ACRN: Do you guys know when your next album is coming out?
AD: Pretty soon, early 2012.
JA: In the near future there will be a definite release date is a good answer.
ACRN: I keep seeing different things all over.
NR: There’s nothing that is any sort of panic about whether or not it’s going to be released, or when. It’s just about done, and everybody’s over the moon about it. We’re just trying to figure out the perfect time to release it.
ACRN: Have you decided on a title yet?
JA: Yes, we haven’t really announced it yet, though, so...
ACRN: You can’t say.
AD: Some guy accidentally let it slip in some interview the other day sort of. It was a weird roundabout way.
NR: Why don’t you let the audience...
AD: I’ll tell you the story, but I won’t tell you the title. He was like, “So I got this sampler in the mail and it’s called ‘blank.’” And I was like,“What?” And he was like, “Yeah, so that’s the name of the new album right?” And I was like, “Oh. Well... yeah, I guess it is.” That’s the story.
JA: You know what? It’s out there, people don’t just know it yet. It’s right in front of your face.
NR: It’s probably like a week away.
JA: But currently, it’s right in front of your face.
NR: At one point during the show, it’ll be literally in front of your face.
JA: And then after the show, it’ll be right in front of your face.
ACRN: Now you’re making me nervous. I feel like it’s a test.
NR: It’s Janelle Monáe! [Laughter]
ACRN: That’d be amazing. That’d be so confusing for record stores.
AD: That’s a pretty good idea. Are there any laws against it? Like if we called our album Snoop Dogg or something? Can we get sued?
NR: Ahh, yes. Well, like Prefab Sprout did an album called Steve McQueen, and Steve McQueen wouldn’t let them release that in United States as the name of the album.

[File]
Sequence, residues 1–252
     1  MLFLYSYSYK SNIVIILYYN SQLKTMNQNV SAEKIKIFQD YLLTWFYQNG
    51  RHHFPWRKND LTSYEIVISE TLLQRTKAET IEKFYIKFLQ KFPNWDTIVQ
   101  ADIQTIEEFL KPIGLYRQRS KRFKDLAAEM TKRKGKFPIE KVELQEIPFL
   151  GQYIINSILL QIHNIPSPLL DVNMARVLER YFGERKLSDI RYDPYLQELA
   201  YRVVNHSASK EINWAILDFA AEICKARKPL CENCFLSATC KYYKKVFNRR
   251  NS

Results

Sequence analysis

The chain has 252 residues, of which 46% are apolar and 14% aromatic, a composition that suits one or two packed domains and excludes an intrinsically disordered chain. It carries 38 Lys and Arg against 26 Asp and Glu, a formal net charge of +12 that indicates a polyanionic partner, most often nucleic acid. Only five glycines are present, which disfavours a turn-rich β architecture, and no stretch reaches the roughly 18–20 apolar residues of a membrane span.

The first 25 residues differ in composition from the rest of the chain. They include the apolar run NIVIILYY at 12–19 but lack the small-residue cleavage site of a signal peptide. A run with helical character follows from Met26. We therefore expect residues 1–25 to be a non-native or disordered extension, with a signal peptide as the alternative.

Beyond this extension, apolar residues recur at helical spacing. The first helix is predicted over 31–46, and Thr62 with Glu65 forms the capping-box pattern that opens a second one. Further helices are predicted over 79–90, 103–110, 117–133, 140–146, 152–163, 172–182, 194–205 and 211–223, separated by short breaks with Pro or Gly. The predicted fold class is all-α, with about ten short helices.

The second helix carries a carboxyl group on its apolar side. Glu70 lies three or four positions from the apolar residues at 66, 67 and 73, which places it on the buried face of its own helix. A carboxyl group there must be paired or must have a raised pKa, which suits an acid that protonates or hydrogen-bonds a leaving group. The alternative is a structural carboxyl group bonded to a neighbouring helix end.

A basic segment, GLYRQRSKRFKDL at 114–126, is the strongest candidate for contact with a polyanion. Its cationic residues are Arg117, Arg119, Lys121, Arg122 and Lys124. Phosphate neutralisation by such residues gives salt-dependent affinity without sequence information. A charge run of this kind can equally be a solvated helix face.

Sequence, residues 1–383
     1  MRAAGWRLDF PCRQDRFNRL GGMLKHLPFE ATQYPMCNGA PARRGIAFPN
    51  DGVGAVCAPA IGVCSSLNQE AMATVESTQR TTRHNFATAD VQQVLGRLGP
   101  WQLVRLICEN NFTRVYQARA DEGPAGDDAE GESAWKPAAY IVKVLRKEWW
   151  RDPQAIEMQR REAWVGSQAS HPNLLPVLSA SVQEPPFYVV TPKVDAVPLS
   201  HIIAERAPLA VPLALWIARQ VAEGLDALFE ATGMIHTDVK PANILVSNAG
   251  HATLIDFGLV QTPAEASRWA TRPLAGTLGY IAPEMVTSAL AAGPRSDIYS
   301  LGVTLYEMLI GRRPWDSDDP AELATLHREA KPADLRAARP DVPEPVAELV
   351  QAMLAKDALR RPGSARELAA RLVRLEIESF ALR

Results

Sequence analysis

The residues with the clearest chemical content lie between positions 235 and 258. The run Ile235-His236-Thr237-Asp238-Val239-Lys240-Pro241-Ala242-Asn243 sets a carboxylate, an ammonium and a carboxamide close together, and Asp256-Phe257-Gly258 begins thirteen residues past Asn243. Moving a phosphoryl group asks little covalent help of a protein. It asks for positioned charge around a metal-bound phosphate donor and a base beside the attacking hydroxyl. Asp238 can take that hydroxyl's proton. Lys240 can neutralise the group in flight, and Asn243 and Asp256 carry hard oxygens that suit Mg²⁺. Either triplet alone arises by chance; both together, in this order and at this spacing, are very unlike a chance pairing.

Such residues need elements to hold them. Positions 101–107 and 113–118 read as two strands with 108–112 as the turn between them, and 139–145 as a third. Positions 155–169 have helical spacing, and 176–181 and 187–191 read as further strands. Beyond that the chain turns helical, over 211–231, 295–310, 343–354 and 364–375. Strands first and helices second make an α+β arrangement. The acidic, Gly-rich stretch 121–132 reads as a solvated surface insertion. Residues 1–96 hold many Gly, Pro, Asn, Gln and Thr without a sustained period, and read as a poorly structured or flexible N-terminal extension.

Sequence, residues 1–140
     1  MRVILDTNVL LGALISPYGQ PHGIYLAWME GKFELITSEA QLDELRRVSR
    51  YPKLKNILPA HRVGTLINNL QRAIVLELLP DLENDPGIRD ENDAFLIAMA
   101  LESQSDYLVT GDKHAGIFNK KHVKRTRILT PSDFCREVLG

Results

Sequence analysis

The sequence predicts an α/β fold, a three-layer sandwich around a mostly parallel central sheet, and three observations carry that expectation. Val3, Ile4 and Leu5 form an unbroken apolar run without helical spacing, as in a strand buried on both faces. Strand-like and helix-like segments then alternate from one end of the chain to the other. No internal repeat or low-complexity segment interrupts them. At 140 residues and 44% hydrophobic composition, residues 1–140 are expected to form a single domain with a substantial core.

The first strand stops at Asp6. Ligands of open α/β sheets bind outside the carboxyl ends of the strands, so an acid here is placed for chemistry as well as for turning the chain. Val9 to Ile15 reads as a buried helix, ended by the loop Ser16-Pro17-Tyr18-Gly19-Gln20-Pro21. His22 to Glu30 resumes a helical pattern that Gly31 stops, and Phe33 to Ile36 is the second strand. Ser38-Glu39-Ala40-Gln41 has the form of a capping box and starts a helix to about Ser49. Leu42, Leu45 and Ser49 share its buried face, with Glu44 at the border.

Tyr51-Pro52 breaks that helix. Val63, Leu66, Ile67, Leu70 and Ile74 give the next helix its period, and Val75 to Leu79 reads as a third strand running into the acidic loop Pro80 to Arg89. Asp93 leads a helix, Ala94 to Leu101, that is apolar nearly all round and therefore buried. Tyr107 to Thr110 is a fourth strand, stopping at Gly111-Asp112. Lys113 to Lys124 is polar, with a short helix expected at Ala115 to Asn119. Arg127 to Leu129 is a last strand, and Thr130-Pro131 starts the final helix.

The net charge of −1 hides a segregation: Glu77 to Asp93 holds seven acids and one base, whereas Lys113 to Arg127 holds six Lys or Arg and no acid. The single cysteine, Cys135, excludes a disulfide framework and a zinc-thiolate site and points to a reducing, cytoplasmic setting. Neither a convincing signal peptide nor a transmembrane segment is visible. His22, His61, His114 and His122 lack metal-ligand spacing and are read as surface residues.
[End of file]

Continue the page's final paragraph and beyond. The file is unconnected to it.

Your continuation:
JA: So what’d they call it, “Bullwinkle”?
NR: Two Wheels Good, which is better than Steve McQueen.
ACRN: Alright, so how would you describe the overall sound of your second album?
NR: There’s a lot of emphasis in just trying to take some of the flash out of it, make it more about the songs. And within that, I think we found a whole new range of influences.
ACRN: Going off that, what were some of your influences and inspirations for the album?
NR: We listened to a lot of hip-hop. We worked with a lot of hip-hop producers.
ACRN: I heard you listen to a lot of Kanye West.
AD: We listen to Kanye all the time.
NR: It’s been awhile actually. I haven’t listened to him in a long, long time.
AD: Oh, I break out 808s [& Heartbreak] like every other day.
JA: The record or just the things?
AD: [Laughs] Yeah I just play 808s into my headphones. No, his album, 808s & Heartbreak.
JA: What’s cool about working with hip-hop producers is when you put people in the room opposite than you are, you can feel free to back-track and be like, “No, make it more rock,” because you know that it’s still going to be a huge influence. So, that was a cool thing to do--to get in a room of people that were the main influence, and we were free to just not worry about that part of the influence. No one ever said, “Make it more hip-hop,” because that’s what they were going to do.
ACRN: Now I’m super excited for it.
JA: Oh well maybe you won’t like it. Maybe you’ll give it a bad review, and maybe we’ll have something to say about your review.
ACRN: That’s why I want to know the release date, so I can claim the review already.
NR: Maybe you’ll be like, “They were listening to a lot of Lil Wayne.” And we’ll be like, “No, we weren’t.”
ACRN: You guys have been doing a couple of collaborations. You had “C’mon” with Panic at the Disco and “We Are Young” with Janelle Monáe. What is it with collaborating with other artists that you like, and how is that different with writing within your own band?